A novel compound derived from plant leaves could help in the treatment of pulmonary hypertension, according to a new study published in Hypertension.
Henry Daniell, PhD, and fellow researchers from the University of Pennsylvania School of Dental Medicine as well the Univerisity of Florida College of Pharmacy looked at methods of targeting the hormones that balance angiotensin II in patients with hypertension and cardiovascular disease (CVD).
They studied the delivery of protein drugs using plant cells that work to protect the drugs from acids and enzymes in the stomach.
“We needed to find a way to stabilize the proteins to increase their lifespan in the bloodstream and make sure it was working the way we wanted it to,” Dr. Daniell said. They introduced genes that carried ACE 2 and Ang-(1-7) for the treatment of pulmonary hypertension into plant chloroplasts, which were then grown, freeze-dried and enclosed in capsules.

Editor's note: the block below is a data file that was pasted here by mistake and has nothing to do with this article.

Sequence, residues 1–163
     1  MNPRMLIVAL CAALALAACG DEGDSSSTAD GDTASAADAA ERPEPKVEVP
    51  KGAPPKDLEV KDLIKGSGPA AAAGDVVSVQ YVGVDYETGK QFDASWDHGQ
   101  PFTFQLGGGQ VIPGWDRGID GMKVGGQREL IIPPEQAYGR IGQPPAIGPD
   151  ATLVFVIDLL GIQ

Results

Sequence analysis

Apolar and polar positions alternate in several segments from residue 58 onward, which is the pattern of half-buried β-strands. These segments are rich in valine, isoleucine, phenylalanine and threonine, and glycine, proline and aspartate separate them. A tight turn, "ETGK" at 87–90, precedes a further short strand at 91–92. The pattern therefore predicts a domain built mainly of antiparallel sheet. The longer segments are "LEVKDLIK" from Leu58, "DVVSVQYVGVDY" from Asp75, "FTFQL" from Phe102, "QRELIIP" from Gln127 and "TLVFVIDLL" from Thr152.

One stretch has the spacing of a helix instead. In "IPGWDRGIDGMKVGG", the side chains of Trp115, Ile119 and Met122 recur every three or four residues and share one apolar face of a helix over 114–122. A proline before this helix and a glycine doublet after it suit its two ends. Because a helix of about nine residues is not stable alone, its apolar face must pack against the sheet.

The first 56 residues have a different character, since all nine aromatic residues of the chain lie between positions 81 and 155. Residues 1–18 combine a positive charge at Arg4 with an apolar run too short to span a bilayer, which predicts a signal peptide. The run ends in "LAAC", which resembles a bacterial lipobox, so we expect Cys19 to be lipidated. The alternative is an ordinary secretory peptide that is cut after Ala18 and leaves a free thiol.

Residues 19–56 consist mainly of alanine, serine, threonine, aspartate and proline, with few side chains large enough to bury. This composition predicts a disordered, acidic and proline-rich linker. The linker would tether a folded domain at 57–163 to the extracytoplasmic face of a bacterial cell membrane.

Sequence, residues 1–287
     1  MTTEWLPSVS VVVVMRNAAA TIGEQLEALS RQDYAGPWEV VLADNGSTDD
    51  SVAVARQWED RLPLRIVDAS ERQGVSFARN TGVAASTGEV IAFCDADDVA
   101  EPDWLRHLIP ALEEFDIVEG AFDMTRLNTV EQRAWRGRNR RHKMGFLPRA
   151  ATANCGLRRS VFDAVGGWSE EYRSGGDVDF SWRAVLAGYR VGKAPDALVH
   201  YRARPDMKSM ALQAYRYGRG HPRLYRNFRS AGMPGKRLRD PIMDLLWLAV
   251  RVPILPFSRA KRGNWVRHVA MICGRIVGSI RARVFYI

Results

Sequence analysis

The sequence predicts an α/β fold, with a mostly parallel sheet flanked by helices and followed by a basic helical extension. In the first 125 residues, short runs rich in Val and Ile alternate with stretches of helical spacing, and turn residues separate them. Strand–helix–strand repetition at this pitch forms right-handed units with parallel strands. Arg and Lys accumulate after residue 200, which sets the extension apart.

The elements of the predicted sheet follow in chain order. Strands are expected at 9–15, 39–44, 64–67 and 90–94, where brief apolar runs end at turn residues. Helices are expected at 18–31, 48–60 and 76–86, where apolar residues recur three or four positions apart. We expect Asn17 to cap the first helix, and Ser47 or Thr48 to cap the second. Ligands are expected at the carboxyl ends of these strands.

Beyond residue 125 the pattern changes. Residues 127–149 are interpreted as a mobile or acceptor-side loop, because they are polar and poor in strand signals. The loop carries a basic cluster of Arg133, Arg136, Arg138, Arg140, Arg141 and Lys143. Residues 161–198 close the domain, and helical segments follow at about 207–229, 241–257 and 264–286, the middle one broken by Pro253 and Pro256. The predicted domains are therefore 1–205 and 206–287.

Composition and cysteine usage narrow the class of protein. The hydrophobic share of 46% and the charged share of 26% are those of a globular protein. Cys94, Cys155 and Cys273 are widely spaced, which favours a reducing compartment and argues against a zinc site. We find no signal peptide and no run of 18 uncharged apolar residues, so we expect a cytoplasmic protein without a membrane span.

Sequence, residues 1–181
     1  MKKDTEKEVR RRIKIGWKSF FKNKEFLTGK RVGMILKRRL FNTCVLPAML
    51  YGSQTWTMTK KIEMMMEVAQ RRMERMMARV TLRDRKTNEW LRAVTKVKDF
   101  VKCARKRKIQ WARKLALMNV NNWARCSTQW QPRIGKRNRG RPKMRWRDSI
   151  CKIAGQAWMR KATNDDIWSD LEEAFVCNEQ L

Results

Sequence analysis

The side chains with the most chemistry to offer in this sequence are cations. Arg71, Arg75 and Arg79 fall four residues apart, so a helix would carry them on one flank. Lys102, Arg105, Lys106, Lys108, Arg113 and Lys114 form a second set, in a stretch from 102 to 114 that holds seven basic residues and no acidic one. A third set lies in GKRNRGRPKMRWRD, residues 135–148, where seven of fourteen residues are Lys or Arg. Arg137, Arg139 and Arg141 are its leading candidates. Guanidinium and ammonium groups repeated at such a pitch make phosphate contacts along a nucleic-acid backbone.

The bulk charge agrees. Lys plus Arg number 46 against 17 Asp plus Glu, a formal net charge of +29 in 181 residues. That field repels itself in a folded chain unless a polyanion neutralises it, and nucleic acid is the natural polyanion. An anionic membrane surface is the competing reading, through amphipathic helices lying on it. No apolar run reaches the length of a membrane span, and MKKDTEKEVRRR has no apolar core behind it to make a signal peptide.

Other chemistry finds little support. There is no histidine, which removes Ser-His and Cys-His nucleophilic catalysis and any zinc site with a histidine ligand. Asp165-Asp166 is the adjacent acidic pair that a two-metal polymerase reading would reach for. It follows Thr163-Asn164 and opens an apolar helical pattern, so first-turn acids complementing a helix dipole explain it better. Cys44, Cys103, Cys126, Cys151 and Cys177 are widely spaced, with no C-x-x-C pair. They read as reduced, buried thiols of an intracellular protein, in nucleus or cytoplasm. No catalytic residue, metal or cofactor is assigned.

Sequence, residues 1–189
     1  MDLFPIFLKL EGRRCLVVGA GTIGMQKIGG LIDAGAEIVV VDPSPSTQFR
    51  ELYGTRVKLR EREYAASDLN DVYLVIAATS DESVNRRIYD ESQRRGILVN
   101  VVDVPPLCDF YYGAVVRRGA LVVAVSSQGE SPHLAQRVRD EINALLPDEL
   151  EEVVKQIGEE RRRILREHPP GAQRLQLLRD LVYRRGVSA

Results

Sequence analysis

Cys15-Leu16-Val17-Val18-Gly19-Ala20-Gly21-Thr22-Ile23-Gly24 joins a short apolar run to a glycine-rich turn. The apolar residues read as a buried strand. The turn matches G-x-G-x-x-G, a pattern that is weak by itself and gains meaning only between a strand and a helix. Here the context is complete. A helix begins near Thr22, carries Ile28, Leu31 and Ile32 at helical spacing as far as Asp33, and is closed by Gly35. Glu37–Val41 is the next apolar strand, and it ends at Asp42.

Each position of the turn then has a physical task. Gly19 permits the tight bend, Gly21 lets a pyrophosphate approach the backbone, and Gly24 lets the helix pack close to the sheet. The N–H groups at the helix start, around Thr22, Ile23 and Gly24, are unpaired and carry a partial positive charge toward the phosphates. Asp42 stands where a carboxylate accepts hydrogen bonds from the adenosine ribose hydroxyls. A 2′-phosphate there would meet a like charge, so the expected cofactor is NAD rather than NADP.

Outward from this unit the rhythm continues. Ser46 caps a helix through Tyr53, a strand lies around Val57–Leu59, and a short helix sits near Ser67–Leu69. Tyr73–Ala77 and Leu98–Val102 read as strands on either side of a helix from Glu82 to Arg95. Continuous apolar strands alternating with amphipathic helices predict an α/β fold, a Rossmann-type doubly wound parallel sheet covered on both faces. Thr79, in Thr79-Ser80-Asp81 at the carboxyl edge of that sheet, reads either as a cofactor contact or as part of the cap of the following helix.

In rats that were fed the capsules for two weeks, pulmonary hypertension was reduced by 20%. At four weeks, pulmonary hypertension was reduced by 32%.
Dr. Daniell stated that pulmonary hypertension, due to being relatively rare, has been “neglected by the industry” and is therefore costly to treat. He and his fellow researchers are hoping to test the drug soon in clinical trials.
“We have been able to find a revolutionary way to deliver a therapy through oral delivery for a disease in critical need for an immediate innovative thereapy,” he concluded.
Researchers at the University of Pennsylvania and the University of Florida have identified a drug that can be used to treat pulmonary hypertension, a disease for which few therapy options exist. The novelty is the way the medicine is delivered; it is grown in the leaves of plants from Penn’s high-tech greenhouse, according to the study published online in the September issue of the journal Hypertension.
In patients with pulmonary hypertension, the arteries of the lungs become constricted, which increases the workload on right side of the heart to pump blood through the lungs. Over time, the right chamber of the heart, which usually is small, becomes enlarged and dysfunctional. Currently, the most successful drugs for the disease cost tens of thousands of dollars.